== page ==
# Nepal-China relations

Nepal’s trade deficit with China widens

Published On: September 23, 2023 07:41 PM NPT By: Dilip Paudel

Why does Nepal struggle to do business with its northern neighbor?

KATHMANDU, Sept 23: Nepal has not been able to benefit from trade with its northern neighbor China, which has the second largest economy in the world. Since China does not prioritize trade with Nepal, the trade deficit with China is deepening. Politically, even though China has given high priority to 'micro-management' in Nepal, Nepal has not been able to get any benefits in trade.

Although the two countries are expected to sign various agreements during the high-level visit of the Prime Minister of Nepal to China, it does not seem that Nepal will benefit much from it. A delegation led by Prime Minister Pushpa Kamal Dahal reached China on Saturday.

The last visit by a Nepali prime minister to China did not appear to yield concrete strategies for reducing the trade deficit by increasing exports. Observers suggest that Nepal may not have received significant benefits due to its relatively low priority in China's economic agenda.  According to the Department of Customs, imports from China are about 150 times more than exports from Nepal. In the last fiscal year (FY) 2022/23, goods worth Rs 222 billion were imported from China, while goods worth Rs 1.76 billion were exported from Nepal. This shows the trade deficit gap between Nepal and China.

Imports have doubled in about a decade. In the FY 2013/14, the imports from China stood at Rs 79.72 billion. In that year, goods worth Rs 2.52 billion were exported from Nepal to China. Nine years later, the export decreased to Rs 1.76 billion in the FY 2022/23..

Experts in the commercial sector say that this trade imbalance with China is a matter of concern. Former Commerce Secretary Purushottam Ojha says that exports from Nepal to China have not increased due to China's non-tariff barriers. "It seems that a serious review should be done on how to reduce the trade imbalance with China," Ojha said, "The two sides should sit down and discuss to reduce the imbalance."

Nepal primarily imports electrical materials, clothing, food, fruits, vehicles, mobiles, laptops, machinery, and various other items from China. However, exports from Nepal to China, such as herbs, carpets, felt products, furniture, handmade paper, and Yarsagumba, remain minimal. Former secretary Ojha says that a Special Economic Zone (SEZ) should be created in the border area to increase exports to China. "SEZ should be made to produce herbs and other products in the areas connected with China," he said, adding, "Trade deficit should be reduced by increasing exports."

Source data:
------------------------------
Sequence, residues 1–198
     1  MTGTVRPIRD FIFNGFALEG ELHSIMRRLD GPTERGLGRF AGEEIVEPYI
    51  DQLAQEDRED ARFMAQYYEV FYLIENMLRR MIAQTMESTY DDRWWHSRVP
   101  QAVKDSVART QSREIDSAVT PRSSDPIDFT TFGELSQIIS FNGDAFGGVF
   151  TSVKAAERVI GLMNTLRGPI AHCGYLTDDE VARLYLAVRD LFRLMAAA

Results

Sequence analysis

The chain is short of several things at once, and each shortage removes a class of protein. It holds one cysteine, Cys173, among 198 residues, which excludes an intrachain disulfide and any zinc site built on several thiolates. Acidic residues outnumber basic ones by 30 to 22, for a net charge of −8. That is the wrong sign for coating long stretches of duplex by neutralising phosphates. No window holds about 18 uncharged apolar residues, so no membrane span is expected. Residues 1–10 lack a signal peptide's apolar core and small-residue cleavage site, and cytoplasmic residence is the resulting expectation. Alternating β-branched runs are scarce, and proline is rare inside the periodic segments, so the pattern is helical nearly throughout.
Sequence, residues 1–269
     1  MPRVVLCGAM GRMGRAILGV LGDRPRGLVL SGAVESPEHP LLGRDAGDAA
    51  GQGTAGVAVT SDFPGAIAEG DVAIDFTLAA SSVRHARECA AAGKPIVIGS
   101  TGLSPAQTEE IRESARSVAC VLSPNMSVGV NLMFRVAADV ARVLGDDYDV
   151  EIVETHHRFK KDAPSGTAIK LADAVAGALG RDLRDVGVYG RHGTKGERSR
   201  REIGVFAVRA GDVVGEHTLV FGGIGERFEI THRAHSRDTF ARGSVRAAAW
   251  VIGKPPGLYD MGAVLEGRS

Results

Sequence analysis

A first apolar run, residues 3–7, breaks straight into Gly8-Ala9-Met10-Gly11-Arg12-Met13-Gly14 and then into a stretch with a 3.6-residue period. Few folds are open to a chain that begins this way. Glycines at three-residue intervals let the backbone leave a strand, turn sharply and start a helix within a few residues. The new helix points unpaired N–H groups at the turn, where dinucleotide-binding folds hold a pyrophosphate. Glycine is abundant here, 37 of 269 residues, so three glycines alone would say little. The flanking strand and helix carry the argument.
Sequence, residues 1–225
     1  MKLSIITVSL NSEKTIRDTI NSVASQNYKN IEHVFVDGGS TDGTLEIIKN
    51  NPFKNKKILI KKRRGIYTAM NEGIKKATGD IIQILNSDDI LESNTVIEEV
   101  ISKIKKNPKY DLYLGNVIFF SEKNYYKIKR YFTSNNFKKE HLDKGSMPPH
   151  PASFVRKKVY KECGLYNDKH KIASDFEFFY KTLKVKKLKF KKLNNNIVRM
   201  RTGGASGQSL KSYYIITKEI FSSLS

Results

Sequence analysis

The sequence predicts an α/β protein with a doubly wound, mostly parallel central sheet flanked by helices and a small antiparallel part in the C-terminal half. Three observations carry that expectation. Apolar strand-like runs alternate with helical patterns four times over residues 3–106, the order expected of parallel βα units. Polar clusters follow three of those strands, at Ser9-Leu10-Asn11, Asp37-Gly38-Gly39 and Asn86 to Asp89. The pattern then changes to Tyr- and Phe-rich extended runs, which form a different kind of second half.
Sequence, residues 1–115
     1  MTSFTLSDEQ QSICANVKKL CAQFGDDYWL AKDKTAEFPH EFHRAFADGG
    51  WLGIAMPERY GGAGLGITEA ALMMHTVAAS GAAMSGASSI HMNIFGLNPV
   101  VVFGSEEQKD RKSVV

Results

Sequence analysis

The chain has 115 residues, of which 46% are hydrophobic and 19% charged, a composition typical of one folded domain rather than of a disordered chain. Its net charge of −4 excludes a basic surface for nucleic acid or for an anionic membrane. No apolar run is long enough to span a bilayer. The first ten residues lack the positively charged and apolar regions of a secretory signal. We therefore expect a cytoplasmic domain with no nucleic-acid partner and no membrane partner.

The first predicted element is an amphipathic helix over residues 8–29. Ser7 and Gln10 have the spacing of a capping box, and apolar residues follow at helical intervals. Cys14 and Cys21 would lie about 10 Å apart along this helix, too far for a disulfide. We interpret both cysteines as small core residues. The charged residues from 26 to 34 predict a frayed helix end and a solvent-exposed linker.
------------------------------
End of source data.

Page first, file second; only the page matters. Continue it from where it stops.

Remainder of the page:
Chandra Ghimire, former secretary of the Ministry of Industry, Commerce and Supplies, said that because the Chinese side has tightened provisions such as standard certification and proof of origin of agricultural and industrial goods when exporting goods to China, Nepal has not been able to increase exports. "Many criteria must be met when sending goods to China," said former secretary Ghimire, "We have not even been able to mobilize trade diplomacy."

Although Nepal signed a transit agreement with China in April 2016, Nepal has not been able to yield significant benefits. Implementation of the Transport Agreement and Transport and Transit Protocol with China has stalled. Former Secretary Ghimire says that not being able to implement the transit agreement with China is Nepal’s weakness. "Nepal should have been able to use the easy and cheap transportation from China," Ghimire said, "Not being able to benefit from it is a weakness."

Nepal has no access to the sea without using Indian land. Nepal's access to the sea route through China was expected to boost trade but it did not materialize. 

Traders say that it is difficult to bring goods through third countries when there is a problem in getting regular supply of goods from Tatopani and Rasuwagadhi, the two major ports with China. Officials of the Nepal Himalayan Cross Border Commerce Association say that it is difficult to import from third countries using Chinese ports. Most of the goods coming to Nepal now come from Kolkata port. Not only from third countries but even the goods coming from China have to be re-routed through India.

Nepal and China had agreed to boost trade through 6 points, namely Tatopani, Kerung, Kimathanka, Korala, Yari and Olangchungola. But the decision has not been implemented. Although Nepal has signed agreements with China regarding the Belt and Road Initiative (BRI), and other pacts related to transport, hydropower and connectivity, those agreements have not been implemented.

Even though the US-funded Millennium Challenge Corporation (MCC) was passed by the parliament and is in the implementation phase, the BRI proposed by China is yet to be implemented.


Leave A Comment